It has Boardman wheels wrapped in 38mm Schwalbe tubeless-ready tyres that are fast-rolling but grippy, and 9 speed Shimano Sora gears with an adventure compact 48/32 chainset and 11-34 cassette for tackling all topography.
The ADV 8.6, like all Boardman’s women’s bikes, is built specifically for females and so you will benefit from a female-specific saddle, narrower bars and shorter stem for a comfy fit.
Cotic Escapade gravel bike
Fantastic versatility and agile riding is on offer with Cotic’s Escapade that is designed, engineered and tested at the brand’s base in the Peak District, near Sheffield.
Its steel frame is hand made in Taiwan and dip coated with zinc phosphate which gives a perfect paint finish while preventing corrosion—an important aspect for a bike that is likely to be ridden through all weather conditions.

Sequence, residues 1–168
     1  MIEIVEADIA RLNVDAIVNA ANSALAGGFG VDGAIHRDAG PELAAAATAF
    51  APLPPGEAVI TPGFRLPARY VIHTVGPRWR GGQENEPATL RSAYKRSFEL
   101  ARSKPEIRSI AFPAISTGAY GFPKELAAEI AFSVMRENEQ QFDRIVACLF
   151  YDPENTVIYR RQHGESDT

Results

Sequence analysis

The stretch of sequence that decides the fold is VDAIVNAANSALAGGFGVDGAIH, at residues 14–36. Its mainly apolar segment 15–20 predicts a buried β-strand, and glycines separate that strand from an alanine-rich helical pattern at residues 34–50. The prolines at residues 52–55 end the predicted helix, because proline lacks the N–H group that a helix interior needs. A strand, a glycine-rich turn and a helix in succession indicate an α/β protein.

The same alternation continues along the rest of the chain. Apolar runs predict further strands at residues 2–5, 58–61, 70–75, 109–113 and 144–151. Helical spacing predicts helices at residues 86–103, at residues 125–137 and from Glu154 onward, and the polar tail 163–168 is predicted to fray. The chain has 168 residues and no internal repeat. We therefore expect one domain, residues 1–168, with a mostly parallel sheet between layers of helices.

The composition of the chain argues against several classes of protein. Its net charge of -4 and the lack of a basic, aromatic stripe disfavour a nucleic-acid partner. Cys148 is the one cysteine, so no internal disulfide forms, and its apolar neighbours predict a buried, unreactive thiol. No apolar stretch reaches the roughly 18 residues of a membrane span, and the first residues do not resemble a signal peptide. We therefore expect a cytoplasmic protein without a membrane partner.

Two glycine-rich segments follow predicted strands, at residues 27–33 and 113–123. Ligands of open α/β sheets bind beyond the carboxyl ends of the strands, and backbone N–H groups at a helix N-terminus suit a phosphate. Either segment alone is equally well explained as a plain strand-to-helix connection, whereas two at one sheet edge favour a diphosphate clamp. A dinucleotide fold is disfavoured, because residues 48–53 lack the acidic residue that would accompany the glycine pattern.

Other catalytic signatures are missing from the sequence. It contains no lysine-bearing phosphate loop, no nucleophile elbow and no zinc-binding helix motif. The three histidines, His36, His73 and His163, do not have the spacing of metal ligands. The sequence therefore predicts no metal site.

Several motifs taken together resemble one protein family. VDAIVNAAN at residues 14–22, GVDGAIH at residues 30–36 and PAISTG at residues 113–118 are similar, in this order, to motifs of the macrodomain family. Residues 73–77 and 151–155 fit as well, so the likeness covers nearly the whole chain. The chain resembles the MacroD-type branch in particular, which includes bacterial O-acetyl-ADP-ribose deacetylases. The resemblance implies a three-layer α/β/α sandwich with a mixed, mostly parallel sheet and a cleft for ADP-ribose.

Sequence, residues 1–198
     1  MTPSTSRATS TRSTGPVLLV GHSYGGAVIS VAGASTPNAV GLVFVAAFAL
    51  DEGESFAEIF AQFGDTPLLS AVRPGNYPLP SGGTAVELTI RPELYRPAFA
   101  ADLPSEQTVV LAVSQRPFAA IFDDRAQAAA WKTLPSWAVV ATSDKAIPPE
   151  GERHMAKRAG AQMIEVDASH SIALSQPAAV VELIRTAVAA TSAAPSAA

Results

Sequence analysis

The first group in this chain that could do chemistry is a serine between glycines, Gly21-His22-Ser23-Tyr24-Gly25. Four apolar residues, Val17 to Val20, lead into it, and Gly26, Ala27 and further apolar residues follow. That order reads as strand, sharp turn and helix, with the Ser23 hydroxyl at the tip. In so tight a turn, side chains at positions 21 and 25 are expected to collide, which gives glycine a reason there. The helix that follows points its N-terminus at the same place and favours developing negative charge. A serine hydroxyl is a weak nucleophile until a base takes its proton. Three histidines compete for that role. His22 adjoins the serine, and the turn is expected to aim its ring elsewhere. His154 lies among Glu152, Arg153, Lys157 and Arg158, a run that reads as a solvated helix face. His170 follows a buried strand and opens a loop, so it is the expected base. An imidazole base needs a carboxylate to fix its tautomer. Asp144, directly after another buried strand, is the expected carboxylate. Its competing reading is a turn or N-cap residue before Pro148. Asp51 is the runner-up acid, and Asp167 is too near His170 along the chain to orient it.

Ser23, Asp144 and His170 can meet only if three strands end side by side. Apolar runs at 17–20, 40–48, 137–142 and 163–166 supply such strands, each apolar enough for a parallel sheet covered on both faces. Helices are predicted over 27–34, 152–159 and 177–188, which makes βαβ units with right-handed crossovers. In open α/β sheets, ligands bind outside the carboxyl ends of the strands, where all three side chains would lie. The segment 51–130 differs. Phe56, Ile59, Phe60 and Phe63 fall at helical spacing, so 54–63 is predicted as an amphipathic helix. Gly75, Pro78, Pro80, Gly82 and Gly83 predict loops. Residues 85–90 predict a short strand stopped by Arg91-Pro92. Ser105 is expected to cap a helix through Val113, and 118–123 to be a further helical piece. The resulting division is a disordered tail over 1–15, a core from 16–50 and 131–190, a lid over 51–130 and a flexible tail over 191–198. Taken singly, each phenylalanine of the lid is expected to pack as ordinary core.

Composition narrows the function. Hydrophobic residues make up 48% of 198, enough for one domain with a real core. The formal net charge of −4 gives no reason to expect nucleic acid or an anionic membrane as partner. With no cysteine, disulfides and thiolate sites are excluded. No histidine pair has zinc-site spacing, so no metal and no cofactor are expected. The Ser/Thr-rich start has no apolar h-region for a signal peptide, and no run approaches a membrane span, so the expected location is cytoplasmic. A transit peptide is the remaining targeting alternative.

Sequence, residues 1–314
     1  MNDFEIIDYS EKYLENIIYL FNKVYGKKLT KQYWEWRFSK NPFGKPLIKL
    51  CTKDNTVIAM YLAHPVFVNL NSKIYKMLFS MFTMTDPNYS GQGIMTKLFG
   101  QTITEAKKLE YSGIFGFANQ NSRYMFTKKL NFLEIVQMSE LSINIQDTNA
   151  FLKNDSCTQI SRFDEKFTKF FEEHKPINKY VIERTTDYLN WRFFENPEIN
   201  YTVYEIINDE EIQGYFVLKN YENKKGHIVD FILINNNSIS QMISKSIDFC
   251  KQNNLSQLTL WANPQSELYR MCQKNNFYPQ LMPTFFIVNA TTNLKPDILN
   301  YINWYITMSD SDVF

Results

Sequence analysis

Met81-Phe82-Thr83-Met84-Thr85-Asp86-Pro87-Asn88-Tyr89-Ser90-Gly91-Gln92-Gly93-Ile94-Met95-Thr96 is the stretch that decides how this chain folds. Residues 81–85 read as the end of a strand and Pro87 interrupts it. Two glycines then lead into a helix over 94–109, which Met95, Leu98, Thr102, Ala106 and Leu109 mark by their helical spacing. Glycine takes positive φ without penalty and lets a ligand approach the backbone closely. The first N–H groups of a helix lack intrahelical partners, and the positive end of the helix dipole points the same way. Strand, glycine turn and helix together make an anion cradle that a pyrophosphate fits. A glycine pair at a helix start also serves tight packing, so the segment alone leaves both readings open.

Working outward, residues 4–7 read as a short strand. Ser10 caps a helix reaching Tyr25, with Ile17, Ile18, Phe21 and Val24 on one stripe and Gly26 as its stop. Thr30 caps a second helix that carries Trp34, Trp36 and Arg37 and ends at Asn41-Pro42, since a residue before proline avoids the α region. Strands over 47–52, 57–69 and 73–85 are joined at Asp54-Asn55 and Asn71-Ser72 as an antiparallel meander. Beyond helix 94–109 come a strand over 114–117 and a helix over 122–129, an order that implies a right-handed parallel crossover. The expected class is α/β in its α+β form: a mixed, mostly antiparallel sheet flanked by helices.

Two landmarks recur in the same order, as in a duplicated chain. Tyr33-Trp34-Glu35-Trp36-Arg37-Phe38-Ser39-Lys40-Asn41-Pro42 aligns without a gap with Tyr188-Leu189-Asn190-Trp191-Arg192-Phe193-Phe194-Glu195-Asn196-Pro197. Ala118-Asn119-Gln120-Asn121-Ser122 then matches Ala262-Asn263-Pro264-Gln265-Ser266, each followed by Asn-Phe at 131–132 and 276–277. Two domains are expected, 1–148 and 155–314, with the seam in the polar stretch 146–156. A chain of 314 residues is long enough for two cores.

The Escapade features an ovalized top tube and tapered head tube for stiffness. Complementing this is Cotic’s latest lightweight carbon fork, which comes in at just 550 grams.
Although this gravel bike comes with high volume 700 x 37c slicks, the frame is also compatible with 650b 47mm tubeless tyres for even more cushion.
For those who prefer to pick and choose your own spec, it will please you to know the Escapade is a fully customisable build and so, for example, it can be finished with a WTB Deva Race women’s specific saddle.
Fustle Causeway GR1 gravel bike
Coming from a mountain biking background, Fustle have transferred this skillset into designing the Causeway gravel bike, which will give you an edge on more technical terrain than other gravel offerings.
Fustle has opted for a significantly slacker head angle than most gravel bikes at 69 degrees, which places the front wheel further forward and prevents your weight being pitched too far forward when riding steeper downhill sections. This is combined with a longer top tube and a shorter stem (60mm is standard) to ensure speedy steering response.
A full carbon fork on the Causeway offers compliance over rough terrain and the frame is produced in 6000 series aluminium to deliver a lightweight and robust chassis.